Horses?

Bicoastal

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The purchase price of horses has skyrocketed during COVID, including backyard types as people had more time to spend on hobbies and many white-collar types had the same income with less expenditures. Prices may dip in a month or two for owners who don't have pasture or hay, dead of winter typically has lower prices than spring, but overall prices have tripled for backyard and trail types, doubled for the show types (which were already in the mid five figures). I can't stomach the price hike. If you can wait, wait.
 

Spokeless Wheel

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Does anyone know where to get an inexpensive, but well trained horse? I know there is probably not many places, much less places in the NW.
Try a rescue that has horses on site. Don't be fooled by auction rescues as I understand there are a lot of unscrupulous dealings going on. But there are a lot of legitimate rescues that go to the auctions and save some really nice horses. The rescues will be well below $5000. but may have some issues . An older horse that's sound is a great beginner horse. What do you want from the horse? Trail riding? Companion for another? A pasture pet to mow your lawn? What you want the horse for and how experienced you are will be the guiding light to the right horse. Try a legitimate rescue! Some will even do training for you and the horse!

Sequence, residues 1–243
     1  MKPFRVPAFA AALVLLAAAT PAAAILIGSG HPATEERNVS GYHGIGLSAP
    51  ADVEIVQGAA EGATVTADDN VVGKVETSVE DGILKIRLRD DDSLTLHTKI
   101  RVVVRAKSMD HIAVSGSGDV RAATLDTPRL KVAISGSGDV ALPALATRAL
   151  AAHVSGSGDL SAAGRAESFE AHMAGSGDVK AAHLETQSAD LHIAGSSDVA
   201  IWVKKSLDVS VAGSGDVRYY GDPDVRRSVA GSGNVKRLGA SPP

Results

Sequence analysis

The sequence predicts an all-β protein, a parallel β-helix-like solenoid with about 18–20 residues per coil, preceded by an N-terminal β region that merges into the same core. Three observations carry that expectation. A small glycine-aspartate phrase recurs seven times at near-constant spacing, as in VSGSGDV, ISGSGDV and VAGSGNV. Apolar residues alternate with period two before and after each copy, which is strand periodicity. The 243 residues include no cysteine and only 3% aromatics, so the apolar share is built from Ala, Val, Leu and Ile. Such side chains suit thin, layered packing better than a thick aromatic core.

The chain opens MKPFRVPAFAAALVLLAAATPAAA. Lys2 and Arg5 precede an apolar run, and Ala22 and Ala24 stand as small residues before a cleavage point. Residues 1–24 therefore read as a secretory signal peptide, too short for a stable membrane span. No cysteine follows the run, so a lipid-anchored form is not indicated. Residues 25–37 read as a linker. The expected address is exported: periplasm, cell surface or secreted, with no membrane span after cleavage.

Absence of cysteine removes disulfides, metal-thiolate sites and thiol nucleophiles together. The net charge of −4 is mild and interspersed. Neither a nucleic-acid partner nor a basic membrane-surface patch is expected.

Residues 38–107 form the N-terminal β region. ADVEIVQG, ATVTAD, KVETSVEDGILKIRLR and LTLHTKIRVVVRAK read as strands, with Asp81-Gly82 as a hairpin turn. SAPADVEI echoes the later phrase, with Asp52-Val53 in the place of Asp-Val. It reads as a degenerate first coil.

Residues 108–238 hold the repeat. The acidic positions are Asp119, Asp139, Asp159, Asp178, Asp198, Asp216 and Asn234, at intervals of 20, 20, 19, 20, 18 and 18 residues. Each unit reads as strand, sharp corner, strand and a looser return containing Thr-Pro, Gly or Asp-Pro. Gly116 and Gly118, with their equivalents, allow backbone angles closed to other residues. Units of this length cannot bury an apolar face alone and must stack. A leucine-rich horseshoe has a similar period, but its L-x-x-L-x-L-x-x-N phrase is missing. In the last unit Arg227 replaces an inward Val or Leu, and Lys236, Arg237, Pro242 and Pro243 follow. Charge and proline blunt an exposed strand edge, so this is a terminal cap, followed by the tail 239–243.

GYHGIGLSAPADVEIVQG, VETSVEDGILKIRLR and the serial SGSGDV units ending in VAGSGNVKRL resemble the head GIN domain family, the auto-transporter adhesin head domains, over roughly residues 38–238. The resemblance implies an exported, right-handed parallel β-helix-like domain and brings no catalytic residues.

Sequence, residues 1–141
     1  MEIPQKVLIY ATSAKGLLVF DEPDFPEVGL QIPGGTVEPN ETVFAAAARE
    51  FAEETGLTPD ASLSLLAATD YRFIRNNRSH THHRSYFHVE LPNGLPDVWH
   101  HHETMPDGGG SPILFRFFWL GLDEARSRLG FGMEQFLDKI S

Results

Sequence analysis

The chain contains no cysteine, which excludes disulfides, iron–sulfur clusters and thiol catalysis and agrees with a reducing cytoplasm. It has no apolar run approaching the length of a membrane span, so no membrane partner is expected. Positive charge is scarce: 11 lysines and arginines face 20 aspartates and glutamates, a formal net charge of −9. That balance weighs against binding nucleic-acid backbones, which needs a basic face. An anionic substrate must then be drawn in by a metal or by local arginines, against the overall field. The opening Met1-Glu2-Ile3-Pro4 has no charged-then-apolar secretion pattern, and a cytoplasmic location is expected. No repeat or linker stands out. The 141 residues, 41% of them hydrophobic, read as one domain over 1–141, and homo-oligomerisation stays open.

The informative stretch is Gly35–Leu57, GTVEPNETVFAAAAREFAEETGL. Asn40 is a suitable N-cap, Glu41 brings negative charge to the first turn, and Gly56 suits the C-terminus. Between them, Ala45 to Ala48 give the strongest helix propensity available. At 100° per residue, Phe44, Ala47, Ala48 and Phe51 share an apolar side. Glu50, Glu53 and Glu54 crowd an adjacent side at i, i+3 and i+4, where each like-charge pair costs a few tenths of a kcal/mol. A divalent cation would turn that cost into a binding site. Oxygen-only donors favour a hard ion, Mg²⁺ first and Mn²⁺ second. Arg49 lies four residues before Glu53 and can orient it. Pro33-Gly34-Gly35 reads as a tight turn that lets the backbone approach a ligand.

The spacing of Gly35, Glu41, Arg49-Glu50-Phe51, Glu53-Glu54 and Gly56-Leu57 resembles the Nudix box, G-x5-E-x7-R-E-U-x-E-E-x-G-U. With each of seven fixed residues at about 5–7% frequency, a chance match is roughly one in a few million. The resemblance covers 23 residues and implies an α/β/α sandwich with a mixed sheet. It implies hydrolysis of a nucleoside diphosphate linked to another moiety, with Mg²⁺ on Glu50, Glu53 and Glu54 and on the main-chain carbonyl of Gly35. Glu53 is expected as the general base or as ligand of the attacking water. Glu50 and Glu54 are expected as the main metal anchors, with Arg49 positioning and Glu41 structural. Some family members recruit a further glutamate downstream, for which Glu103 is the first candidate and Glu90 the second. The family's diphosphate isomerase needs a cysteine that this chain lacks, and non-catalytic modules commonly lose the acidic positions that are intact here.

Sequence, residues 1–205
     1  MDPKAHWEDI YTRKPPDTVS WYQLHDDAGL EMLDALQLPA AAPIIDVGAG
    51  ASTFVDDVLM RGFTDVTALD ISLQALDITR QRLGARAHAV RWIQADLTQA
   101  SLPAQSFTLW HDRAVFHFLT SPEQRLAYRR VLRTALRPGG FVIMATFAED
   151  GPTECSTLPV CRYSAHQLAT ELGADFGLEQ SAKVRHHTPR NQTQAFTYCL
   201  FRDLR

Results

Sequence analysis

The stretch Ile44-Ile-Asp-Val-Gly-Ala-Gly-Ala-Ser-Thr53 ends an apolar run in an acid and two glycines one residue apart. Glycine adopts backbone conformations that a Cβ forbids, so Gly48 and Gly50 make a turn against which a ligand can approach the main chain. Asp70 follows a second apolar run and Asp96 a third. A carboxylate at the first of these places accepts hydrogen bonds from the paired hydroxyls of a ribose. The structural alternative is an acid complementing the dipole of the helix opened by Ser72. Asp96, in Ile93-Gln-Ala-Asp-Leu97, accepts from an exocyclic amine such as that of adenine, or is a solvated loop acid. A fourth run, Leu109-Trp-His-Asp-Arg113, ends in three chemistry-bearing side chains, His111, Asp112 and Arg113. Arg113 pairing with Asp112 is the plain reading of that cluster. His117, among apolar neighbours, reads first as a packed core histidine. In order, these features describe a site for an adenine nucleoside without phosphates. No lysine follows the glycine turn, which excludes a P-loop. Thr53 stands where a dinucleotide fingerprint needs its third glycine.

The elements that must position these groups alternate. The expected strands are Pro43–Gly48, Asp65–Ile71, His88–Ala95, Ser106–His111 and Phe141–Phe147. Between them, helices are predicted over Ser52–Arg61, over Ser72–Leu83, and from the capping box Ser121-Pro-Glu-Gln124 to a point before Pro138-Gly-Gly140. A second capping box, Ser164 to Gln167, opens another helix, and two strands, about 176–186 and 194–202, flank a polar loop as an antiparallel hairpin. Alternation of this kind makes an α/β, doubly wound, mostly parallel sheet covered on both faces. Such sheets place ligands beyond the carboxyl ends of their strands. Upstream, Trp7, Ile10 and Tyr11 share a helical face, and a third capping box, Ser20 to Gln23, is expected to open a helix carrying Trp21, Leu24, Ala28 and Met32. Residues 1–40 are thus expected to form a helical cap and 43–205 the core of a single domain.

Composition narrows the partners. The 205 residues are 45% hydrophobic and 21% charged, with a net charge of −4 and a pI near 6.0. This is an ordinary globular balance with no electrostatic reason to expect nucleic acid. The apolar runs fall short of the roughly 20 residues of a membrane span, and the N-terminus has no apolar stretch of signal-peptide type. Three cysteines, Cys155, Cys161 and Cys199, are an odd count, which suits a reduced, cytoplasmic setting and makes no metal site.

Ridgetop

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If this will be your first horse and you have minimal experience with horses, I suggest you find an instructor and take lessons. Many training stables will have horses that they will know about.

For instance horses that have lots of training and are used as lesson horses can be purchased as they get to old to be in used a day long. These are usually snapped up by students that have ridden these horses and know them.

Here are some descriptions to stay away from:
Babysitter horse for kids Means won't move out of a walk until it collapses under you.
Great trail horse, just needs tune up Horse hasn't been ridden in years
Home wanted for beloved pet Might never have been trained to lead in a halter, let alone to the saddle
 

Ridgetop

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And more
Retired show horse - Probably injured
Owner's health forces sale - Owner often waits until the horse is too badly taken care of to work
Child's pet - bought for 1 year old and never trained
Nice horse, needs some TLC - Needs either complete retraining or constant medication

Having shopped for countless horses over the years for my kids and family I have seen all these ads and more. (Just like real estate, the language can disguise a lot of problems! LOL) I prefer a nice easygoing well trained older horse with good sense. I have been lucky to fund these horses. They ended up dying on our property of old age, having been retired. They earned their retirement with us having taken care of my kids and self on the trails over that time.

What you want is a horse about 16-18 years old with lots of trail experience. Good ground manners are essential. GET A VET CHECK EVEN IF THE PRICE OF THE VET CHECK IS MORE THAN THE HORSE!!! Saved me several times from buying a horse that had an injury. Even more important because I was buying for my kids and they like to cowboy their horses.